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Monopolistic medical establishment attacks 89-year-old philanthropist doctor who sees patients from car - He wins case!

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(NaturalNews) An 89-year-old doctor who has been seeing low-income patients out of his car will be able to continue practicing after the Mississippi State Board of Medical Licensure (MBML) backed down on its threat to take away his license.

Dr. Carrol Landrum of Edwards, Mississippi, is a World War II Navy veteran who has been practicing in the rural community since the 1950s. News of his plight attracted international attention, garnering more than 80,000 signatures on an online petition in support of him.

"I want to thank the tens of thousands of people around the world who supported me," Landrum said after his successful meeting with the MBML.

Anonymous complaint not based on law

Landrum has been seeing patients out of his dented 2007 Toyota Camry ever since he left his office building due to concerns about rising crime in the area. His plans to secure a new office never came together, so he simply started practicing out of his car.

Last year, an MBML investigator informed Landrum that the board had received an anonymous complaint that he was practicing medicine and writing prescriptions out of his car. Although there appears to be no law or regulation against this practice, it was sufficient cause for the MBML to investigate him for months and threaten him with the loss of his license to practice medicine.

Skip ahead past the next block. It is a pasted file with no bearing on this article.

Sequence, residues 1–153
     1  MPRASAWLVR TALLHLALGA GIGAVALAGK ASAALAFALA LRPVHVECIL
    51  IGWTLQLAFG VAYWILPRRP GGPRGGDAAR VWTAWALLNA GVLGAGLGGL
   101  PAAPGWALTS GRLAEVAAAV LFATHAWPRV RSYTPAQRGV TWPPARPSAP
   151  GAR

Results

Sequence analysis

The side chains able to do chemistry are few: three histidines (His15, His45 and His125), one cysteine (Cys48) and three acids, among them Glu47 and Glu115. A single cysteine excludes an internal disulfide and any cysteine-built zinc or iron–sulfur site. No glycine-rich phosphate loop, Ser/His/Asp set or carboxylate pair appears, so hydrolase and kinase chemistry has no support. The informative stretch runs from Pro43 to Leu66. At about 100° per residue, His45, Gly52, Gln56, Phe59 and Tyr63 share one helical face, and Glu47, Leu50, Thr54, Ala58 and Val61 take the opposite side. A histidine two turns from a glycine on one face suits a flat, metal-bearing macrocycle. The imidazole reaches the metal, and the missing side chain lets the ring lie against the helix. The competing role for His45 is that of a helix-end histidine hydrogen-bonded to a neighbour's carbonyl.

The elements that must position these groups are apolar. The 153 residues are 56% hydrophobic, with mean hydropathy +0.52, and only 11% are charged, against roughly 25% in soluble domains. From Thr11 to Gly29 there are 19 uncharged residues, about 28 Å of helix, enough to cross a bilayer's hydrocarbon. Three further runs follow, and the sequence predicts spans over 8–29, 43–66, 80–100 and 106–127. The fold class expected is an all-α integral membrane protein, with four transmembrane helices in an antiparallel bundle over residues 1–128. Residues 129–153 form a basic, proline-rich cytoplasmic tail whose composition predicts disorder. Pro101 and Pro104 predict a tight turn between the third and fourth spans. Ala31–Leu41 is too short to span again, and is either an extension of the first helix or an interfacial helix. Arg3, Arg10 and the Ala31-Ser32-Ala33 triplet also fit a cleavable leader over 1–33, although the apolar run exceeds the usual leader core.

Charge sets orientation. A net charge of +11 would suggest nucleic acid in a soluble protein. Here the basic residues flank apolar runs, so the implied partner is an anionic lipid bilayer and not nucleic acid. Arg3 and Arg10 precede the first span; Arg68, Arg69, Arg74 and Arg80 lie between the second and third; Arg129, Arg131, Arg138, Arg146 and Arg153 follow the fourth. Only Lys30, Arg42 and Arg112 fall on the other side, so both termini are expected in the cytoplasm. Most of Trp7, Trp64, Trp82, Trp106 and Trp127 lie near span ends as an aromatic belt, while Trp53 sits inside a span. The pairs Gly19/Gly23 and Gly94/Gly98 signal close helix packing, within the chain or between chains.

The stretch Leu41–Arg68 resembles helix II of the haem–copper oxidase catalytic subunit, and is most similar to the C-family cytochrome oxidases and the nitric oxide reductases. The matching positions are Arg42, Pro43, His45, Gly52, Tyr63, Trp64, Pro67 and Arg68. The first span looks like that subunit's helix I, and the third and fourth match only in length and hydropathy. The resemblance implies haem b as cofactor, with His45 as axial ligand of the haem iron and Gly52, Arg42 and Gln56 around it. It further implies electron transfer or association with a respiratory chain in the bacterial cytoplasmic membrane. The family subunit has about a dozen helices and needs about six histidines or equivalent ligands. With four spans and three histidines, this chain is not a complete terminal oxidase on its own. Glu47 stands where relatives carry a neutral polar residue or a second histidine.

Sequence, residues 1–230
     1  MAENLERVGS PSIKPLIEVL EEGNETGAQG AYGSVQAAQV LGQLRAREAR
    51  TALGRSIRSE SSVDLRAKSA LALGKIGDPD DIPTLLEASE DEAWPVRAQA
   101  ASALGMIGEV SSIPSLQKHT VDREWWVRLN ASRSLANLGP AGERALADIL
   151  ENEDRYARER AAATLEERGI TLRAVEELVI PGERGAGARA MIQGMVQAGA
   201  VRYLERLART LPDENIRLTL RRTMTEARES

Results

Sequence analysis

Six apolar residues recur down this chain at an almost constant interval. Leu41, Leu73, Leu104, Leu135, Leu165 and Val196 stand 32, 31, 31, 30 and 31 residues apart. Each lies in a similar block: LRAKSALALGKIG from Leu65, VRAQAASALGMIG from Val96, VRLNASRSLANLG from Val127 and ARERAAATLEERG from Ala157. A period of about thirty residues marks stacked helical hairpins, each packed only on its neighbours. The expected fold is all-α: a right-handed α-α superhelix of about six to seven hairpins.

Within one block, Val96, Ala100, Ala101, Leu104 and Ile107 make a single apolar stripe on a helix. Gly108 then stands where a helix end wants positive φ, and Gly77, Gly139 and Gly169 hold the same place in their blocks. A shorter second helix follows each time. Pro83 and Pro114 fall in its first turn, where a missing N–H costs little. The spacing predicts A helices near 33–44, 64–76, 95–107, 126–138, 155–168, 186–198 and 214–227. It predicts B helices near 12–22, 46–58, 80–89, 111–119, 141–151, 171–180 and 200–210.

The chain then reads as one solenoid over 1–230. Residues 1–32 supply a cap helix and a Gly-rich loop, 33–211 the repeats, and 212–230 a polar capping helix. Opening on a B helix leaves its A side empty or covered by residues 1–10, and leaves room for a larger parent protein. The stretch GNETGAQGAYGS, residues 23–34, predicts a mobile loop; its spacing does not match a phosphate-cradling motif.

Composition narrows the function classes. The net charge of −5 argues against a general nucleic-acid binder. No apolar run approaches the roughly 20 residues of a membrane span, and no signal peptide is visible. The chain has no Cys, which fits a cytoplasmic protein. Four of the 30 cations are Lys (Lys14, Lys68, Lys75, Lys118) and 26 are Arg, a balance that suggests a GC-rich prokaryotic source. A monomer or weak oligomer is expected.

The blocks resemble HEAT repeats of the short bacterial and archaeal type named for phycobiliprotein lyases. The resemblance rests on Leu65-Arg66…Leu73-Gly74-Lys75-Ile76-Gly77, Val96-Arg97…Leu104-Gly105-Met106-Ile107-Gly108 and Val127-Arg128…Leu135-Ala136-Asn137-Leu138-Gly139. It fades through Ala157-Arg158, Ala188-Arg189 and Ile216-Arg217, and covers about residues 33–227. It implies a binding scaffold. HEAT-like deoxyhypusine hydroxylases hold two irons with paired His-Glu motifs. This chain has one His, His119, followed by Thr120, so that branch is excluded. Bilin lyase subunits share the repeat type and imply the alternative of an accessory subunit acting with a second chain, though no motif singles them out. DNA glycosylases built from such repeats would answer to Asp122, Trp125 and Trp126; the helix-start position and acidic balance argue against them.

"He said the director had told him to ask me to surrender my license right then and there or I would come before the board," Landrum said. "And he said basically, 'If you surrender it here, nobody would know about it. But if it goes to the board, it'll be public knowledge and it might affect your reputation.'"

Landrum, the primary doctor for the area's low-income residents (per capita income in the region is only $12,000 per year), refused to stop practicing.

"Peoples' lives are at stake, and if I'm not there, a lot of them would die," he said.

"These people absolutely need me. I see the need and I'm trying to fulfill it as much as possible."

Community rallies, board backs down

Landrum's patients rallied to his defense, claiming the MBML was being heavy-handed and unfair.

"Taking his license?" said Leigh Jefferson, one of his patients. "I mean, that's pretty much like taking his livelihood. And you may as well take his life because that's what he's dedicated his life to doing."

Some of Landrum's supporters accused the MBML of persecuting Landrum on behalf of area doctors who were angry that he was undercutting their prices.

"I guess 'cause they don't get a percentage of what he's doing," said Edwards resident Terrance Williams. "When I was going to [another] doctor, paying all this extra money, they couldn't tell me nothing. That's the God's honest truth."

Landrum's case was taken up by attorneys from the Goldwater Institute, who facilitated an informal meeting with the MBML.

The meeting itself was cordial, Landrum said, and ended with the MBML finding him fit to practice but expressing concern that he was not keeping proper records due to the space constraints of his office. They recommended that Landrum take a course on record-keeping.

Fortunately, Landrum will no longer have to wrestle with the limitations of practicing from his car. Volunteers have refurbished an old post office for him, and his new office will be ready in a few weeks.

"He birthed us all," said Edwards resident Frederick Irving. "He's taken care of all of us. Not just us, but our parents. Without him, we'd be in trouble. He's the best doctor you'd ever have. Dr. Landrum is our doctor."

(Natural News Science)







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